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South Sudanese cope with new life in diaspora

Author : Memoscar Lasuba | Published: Tuesday, June 20, 2017

Statistics for refugees.

On the World Refugee Day today [Tuesday], a South Sudanese lawyer who won the 2017 Victorian Legal Award in Australian as a Rising Star Legal says he would be advocating for the rights of refugees and asylum seekers in the Australia.

Kot Manoah was a teenage refugee in Kakuma camp, in Northern Kenya before finding his way to Australia in early 2000s.

When he first arrived in Australia, Kot said he contemplated working in a factory or as a cleaner, but got assistance from a friend who believed in his potential.

He said the friend paid his school fees, worth 250 Australian dollars for him to enroll in school.

By 2010, Kot was a law student seeking avenues to practice.

He then begun working for a firm as a volunteer, but a few months later, he got a full time job.

Mr. Kot is currently the chairperson of the South Sudanese Community in Australia, and a practicing lawyer in Melbourne.

This year, he won the Rising Star Award under the 2017 Victorian Legal Awards.

He shares his experience being a refugee from Kakuma, to becoming a reputable lawyer in Australia.

The lawyer said he was inspired to study law by an expert during an immigrant interview to go to Australia and the strong respect for rule of law in Australia.

“As a refugee I lived through where there was no rule of law. In South Sudan there is rule of men where people take the law in their own hand and abuse it and everyone is above the law if you have the powers. That is contrary to what Australia is and that motivated me and my life time to that I should be part of the reform and justice where the rule prevail the rule of men,” he told a podcast from Australia.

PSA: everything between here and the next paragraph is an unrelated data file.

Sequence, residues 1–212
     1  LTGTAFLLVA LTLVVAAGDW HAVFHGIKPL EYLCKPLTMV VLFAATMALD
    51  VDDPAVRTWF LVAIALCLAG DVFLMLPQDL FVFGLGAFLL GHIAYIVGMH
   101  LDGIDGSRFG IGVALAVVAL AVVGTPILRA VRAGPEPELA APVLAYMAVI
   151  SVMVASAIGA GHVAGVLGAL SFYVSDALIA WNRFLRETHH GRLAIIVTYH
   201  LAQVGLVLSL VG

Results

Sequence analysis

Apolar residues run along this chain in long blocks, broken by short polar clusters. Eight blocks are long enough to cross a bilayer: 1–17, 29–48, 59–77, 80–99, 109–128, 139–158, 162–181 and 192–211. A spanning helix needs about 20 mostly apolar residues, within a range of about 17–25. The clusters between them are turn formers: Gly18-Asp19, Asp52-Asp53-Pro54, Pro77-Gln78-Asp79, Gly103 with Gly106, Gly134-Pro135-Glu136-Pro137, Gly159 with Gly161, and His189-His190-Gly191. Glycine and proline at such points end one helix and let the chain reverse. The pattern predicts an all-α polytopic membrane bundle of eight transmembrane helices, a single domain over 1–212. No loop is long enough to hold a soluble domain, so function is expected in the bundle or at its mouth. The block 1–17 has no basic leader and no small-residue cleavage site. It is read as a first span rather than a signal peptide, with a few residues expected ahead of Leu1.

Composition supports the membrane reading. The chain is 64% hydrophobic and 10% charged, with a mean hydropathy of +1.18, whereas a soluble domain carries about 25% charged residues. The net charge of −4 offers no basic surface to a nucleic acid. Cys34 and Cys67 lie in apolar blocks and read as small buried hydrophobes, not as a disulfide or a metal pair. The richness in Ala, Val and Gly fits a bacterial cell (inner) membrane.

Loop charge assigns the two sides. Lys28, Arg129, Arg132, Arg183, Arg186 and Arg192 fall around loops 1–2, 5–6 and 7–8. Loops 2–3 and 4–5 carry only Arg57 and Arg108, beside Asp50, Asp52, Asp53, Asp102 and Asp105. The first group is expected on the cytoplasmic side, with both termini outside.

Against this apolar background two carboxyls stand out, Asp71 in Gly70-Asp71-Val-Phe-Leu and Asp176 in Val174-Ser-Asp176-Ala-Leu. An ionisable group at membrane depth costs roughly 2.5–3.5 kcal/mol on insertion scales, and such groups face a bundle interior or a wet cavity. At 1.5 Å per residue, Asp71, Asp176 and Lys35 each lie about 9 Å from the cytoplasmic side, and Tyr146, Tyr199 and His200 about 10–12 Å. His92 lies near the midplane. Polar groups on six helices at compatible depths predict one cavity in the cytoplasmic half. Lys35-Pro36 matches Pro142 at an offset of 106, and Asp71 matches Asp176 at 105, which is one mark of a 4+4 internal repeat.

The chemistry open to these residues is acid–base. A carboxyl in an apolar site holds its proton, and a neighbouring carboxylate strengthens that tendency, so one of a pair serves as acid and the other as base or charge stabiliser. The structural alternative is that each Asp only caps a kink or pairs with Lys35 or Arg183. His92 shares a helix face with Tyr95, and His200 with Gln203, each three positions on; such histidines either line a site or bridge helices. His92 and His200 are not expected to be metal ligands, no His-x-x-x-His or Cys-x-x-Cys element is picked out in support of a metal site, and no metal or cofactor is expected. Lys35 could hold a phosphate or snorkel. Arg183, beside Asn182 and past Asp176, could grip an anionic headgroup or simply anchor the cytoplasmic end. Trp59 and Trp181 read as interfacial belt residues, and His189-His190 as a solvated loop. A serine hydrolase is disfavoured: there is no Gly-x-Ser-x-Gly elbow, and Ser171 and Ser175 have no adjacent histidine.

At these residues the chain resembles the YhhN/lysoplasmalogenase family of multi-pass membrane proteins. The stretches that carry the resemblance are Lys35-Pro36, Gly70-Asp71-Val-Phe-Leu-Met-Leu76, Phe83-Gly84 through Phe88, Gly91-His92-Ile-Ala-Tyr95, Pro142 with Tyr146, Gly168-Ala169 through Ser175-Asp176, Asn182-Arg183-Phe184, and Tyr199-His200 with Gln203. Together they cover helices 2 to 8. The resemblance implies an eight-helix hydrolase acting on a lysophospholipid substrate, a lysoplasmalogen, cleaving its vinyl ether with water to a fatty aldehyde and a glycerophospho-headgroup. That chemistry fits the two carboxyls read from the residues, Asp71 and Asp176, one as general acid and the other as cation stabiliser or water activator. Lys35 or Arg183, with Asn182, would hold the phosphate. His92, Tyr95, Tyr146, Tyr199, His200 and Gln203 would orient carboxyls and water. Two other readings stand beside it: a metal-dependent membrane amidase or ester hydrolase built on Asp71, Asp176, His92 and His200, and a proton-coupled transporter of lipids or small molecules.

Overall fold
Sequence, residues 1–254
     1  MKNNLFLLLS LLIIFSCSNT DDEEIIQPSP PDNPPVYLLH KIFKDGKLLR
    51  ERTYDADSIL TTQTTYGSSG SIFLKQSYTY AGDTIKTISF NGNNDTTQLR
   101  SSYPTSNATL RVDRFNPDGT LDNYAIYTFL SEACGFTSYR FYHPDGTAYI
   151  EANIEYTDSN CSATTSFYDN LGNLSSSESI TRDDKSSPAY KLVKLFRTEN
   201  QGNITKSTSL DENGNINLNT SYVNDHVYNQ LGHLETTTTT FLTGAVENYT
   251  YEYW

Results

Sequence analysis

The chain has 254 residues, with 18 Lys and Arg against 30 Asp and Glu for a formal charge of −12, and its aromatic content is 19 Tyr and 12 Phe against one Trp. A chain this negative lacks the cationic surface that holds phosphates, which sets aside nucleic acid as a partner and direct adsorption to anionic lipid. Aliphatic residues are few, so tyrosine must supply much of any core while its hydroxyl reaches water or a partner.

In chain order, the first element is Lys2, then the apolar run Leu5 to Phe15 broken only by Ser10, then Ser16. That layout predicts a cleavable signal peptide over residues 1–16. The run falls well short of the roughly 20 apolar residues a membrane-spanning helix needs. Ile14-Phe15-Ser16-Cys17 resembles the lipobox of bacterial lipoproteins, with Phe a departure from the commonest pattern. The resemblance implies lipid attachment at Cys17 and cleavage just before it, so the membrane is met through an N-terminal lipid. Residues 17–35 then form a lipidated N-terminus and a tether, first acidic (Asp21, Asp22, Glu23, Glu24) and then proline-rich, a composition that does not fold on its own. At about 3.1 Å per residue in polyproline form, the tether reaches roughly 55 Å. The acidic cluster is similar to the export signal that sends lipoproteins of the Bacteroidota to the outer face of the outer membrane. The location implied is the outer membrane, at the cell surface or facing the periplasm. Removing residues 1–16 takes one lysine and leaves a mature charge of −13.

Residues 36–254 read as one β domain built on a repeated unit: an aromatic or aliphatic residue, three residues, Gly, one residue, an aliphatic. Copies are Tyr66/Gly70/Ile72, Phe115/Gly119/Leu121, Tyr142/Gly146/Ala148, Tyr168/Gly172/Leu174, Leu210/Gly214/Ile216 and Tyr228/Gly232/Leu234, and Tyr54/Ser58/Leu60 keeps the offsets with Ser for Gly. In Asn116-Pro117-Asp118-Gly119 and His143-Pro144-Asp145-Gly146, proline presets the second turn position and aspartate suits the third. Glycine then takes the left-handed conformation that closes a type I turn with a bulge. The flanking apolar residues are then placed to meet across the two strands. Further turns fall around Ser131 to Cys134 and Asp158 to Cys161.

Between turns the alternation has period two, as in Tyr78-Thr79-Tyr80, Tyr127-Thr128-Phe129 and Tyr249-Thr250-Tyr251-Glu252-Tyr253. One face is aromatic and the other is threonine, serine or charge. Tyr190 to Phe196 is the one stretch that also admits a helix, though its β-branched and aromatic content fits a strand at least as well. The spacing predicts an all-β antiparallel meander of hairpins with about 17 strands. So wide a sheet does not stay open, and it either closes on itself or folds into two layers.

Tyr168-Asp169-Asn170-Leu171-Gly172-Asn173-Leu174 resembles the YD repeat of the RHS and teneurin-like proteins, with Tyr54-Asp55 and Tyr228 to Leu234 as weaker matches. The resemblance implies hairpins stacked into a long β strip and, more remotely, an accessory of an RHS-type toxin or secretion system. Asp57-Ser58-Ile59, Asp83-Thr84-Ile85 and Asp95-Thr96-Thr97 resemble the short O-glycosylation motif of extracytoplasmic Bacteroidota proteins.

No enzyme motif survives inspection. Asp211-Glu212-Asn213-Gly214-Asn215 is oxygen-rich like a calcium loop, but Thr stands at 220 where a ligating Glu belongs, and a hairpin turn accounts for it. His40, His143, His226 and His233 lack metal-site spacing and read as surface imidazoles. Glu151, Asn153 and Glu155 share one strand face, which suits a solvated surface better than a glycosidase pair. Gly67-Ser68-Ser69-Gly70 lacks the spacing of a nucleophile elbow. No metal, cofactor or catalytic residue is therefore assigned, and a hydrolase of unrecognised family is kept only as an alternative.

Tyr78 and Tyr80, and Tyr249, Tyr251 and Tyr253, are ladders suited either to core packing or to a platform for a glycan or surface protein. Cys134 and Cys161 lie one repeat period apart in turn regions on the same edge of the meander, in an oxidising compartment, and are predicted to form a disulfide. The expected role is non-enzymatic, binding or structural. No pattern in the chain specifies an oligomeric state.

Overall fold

Mr. Kot said some South Sudanese with good academic papers are sometimes unable to find jobs for their profession.

He said some would resort to casual work such as being a gatekeeper or at a local store.

Kot, who has obtained Australian citizenship, added that one of his motivations now is to advocate for the rights of refugees and asylum seekers in Australia, including South Sudanese,

He said some of those seeking refuge in Australia from Africa are often left stranded without support.

Meanwhile, a South Sudanese who fled South Sudan to Uganda this year when fighting erupted in his village in Yei area, said he is now working as a headteacher in Bidi Bidi refugee settlement camp.

Elias Kundu Emmanuel teaches at Koro Highland Primary school, in a camp where more than 2,000 children continue to learn under trees.

The school recently got a temporary structure constructed by a non-governmental organization, Windle Trust Uganda.

Mr. Kundu told Eye Radio that the school is an initiative of the Office of the President of Uganda supported by the UN refugee agency, UNHCR.

He said the the school has registered more than 60 pupils who are being prepared for the Uganda Primary Leaving Examinations due later this year.

“We are operating in temporary class rooms constructed out of plastic sheet. The weather pattern of the area is not appropriate. So the roof of the building is off and on being disturbed by heavy winds that come across,” he said.

Mr Kundu also said Windle Trust Uganda has employed more thirty South Sudanese refugees as teachers and class assistants to help the children in their learning process and counsel them to overcome traumatic experiences.

The World Refugee Day is marked yearly to draw attention to the plight of refugees and honor those who provide them with life-saving protection and assistance despite harassment and threats.

In a related development, the US embassy in Juba says the US has provided more than $2.4 billion to support humanitarian response for South Sudan since 2013.

This includes support to South Sudanese refugees sheltering in neighboring countries: Uganda, Sudan, Ethiopia, Kenya, the Democratic Republic of the Congo, and the Central African Republic.

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